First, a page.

96 minutes| U.S.A.| 1979| Black and White| Anamorphic| 35mm

For critic Andrew Sarris, Manhattan is ‘the only truly great American film of the Seventies’. Its theme, according to Allen, is ‘the problem of trying to live a decent life amidst all the junk of contemporary culture – the temptations, the seductions’. He plays a man romantically torn between an adolescent innocent (Mariel Hemingway) and his best friend’s mature but vulnerable mistress (Diane Keaton). The elegant comedy lances the emotional pain.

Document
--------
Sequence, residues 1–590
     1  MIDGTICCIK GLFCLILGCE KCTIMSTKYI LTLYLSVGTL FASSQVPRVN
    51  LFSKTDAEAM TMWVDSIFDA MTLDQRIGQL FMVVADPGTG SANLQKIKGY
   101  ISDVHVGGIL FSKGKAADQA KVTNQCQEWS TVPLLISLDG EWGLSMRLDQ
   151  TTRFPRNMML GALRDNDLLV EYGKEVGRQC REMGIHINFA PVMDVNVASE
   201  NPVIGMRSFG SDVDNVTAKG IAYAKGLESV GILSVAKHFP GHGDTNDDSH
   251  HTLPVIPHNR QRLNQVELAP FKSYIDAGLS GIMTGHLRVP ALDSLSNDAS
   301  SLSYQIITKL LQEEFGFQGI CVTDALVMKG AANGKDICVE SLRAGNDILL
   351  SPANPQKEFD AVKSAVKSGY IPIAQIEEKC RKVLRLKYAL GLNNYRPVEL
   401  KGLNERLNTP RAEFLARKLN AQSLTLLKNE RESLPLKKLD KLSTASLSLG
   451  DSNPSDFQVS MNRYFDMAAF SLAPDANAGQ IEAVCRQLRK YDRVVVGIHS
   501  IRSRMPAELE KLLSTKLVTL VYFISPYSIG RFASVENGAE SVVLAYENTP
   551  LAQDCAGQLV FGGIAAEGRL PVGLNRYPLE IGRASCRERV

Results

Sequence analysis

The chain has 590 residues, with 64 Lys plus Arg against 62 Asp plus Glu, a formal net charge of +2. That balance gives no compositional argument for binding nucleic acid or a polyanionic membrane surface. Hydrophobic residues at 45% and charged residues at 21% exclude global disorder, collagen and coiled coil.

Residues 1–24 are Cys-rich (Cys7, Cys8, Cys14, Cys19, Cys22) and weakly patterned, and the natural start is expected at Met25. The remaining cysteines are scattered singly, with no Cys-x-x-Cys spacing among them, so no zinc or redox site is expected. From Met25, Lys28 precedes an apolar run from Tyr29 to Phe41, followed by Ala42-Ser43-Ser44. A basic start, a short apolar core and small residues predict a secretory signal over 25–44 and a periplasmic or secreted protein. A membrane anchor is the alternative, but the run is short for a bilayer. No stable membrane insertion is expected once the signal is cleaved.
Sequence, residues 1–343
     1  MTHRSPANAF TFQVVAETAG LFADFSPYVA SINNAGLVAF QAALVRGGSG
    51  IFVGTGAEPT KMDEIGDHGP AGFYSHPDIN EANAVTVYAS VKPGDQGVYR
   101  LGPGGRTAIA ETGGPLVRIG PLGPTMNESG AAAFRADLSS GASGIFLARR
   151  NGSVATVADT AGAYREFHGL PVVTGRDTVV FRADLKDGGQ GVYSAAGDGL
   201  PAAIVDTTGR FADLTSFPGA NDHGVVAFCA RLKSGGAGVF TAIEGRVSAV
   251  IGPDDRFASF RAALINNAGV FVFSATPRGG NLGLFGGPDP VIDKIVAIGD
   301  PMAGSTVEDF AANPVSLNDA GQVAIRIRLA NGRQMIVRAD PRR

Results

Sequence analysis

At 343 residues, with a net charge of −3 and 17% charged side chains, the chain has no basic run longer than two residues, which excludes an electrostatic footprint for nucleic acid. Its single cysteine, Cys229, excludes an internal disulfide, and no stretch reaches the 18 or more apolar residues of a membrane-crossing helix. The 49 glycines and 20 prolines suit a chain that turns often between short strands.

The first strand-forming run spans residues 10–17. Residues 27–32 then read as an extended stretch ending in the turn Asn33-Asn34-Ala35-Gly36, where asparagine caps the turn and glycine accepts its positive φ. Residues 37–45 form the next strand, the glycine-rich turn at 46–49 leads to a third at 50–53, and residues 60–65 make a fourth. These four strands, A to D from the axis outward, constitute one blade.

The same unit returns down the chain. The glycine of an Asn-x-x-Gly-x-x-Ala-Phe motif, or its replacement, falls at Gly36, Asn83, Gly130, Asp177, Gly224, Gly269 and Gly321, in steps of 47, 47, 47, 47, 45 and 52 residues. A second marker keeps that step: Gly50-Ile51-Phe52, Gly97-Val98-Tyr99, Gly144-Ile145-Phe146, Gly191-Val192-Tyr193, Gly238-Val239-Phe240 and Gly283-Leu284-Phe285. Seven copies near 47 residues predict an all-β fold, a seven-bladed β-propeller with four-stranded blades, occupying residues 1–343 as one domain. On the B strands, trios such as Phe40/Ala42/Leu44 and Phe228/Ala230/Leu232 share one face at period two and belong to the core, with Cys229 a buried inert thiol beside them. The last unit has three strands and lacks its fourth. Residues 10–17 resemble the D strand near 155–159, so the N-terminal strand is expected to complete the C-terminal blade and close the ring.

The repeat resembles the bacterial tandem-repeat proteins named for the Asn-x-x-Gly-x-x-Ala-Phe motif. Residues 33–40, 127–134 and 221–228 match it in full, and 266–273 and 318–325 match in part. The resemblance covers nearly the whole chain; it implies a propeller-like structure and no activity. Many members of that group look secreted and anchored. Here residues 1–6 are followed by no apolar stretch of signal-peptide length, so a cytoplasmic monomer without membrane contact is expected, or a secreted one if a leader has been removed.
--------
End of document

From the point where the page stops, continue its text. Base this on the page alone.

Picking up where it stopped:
Allen: ‘The American Dream is, you grow up and you meet some woman or you meet some man and you fall in love – and you get married. And then you raise children and you’re faithful. That’s the American Dream in terms of relationships. Of course, reality does not always allow this to come true. But that is what everybody tries to achieve, a deep, lasting, permanent relationship with a single other person of the opposite sex. But it’s easier said than done.’

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